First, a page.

General Question

round_pie's avatar

How much money do you keep in your checking account?

Asked by round_pie (90 points ) July 24th, 2008

What amount do you consider comfortable?

If it’s less than $2,000, I worry that my mortgage payment will bounce, but if it’s more than $3,000, I worry that I’m missing out on interest.

Is there an easy way for me to keep my money in a high-interest savings account until just before I need to make a mortgage payment? I would want it to be an automated transfer, so that I could never forget.

I’ve looked into interest-bearing checking accounts but the interest rate is typically so low it’s not worth it.

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23 Answers

dragonflyfaith's avatar

We try to keep two weeks salary in our checking account at all times. Currently it is a bit lower because we’re moving and having to pay bills for both places, but that’s our comfort level.

As far as the rest of your question, I can fully admit that I am not the person to be handing out advice!

jballou's avatar

Yes, a lot of banks have online-only savings accounts with much higher interest rates. (3+%) You could easily set up an automated transfer once a month to cover any checks you write. That’s almost exactly what I do, although I use a slightly bigger cushion just in case.

Lovelocke's avatar

At least $50. I tend to deal in cash…

gailcalled's avatar

I am careful to know what my monthly budget is, I keep a cushion of $1000 (the difference in interest between $1 and $3 isn’t important,) and then, since I have a regular expenses deducted or paid on a card, I know what I need to get thru the month.

genevievejones's avatar

Jack Donnaghy- “Liz, what does your investment portfolio look like these days?”
Liz Lemon- “well I have $12,000 in checking”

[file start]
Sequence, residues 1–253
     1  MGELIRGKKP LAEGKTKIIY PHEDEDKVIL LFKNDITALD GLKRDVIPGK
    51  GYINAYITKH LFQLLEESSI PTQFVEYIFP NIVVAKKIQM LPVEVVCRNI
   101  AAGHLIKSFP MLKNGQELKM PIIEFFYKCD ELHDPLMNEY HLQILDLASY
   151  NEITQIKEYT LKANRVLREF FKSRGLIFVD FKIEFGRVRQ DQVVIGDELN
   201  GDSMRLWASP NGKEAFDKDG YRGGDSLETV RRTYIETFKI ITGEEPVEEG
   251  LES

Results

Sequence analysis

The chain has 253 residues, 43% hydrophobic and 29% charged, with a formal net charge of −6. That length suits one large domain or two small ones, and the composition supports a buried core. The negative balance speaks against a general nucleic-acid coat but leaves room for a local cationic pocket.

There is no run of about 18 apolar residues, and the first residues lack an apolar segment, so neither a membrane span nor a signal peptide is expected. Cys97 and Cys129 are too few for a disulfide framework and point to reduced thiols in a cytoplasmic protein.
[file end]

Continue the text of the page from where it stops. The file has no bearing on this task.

i’ve always love this scene… i’m pretty sure if i don’t get a savings plan together soon i will find myself in my 40s with it all in checking… wondering why i still rent. but if you’re like liz lemon at least you’re still in good character company

mirza's avatar

Right now I have $ 574.93 on it.

Tone's avatar

When I went to the ATM a couple days ago, the receipt the previous user had left in it showed a checking account balance of over $47,000. That’s just crazy.

dragonflyfaith's avatar

@tone Wow don’t you wish they had left the card too?

flameboi's avatar

I normally have less than $5.00 (I hate banks), I’m a cash kid :)

waterskier2007's avatar

i am only 18 and i keep around 200 bucks in it.

timothykinney's avatar

Not enough.

gailcalled's avatar

Interesting answers. I almost never deal in cash and keep $20 and a blant check in wallet and another $20 in secret hiding place in bag that I am not supposed to know about.

Allie's avatar

Hahaha, I just checked and I have $1.32 in it. I never use it, I always pay with cash.
(high five flameboi)

Supergirl's avatar

We are constantly transferring funds back and forth between checking and savings. But on average we like to keep around $2000 in checking. We try to save half of each of our paychecks.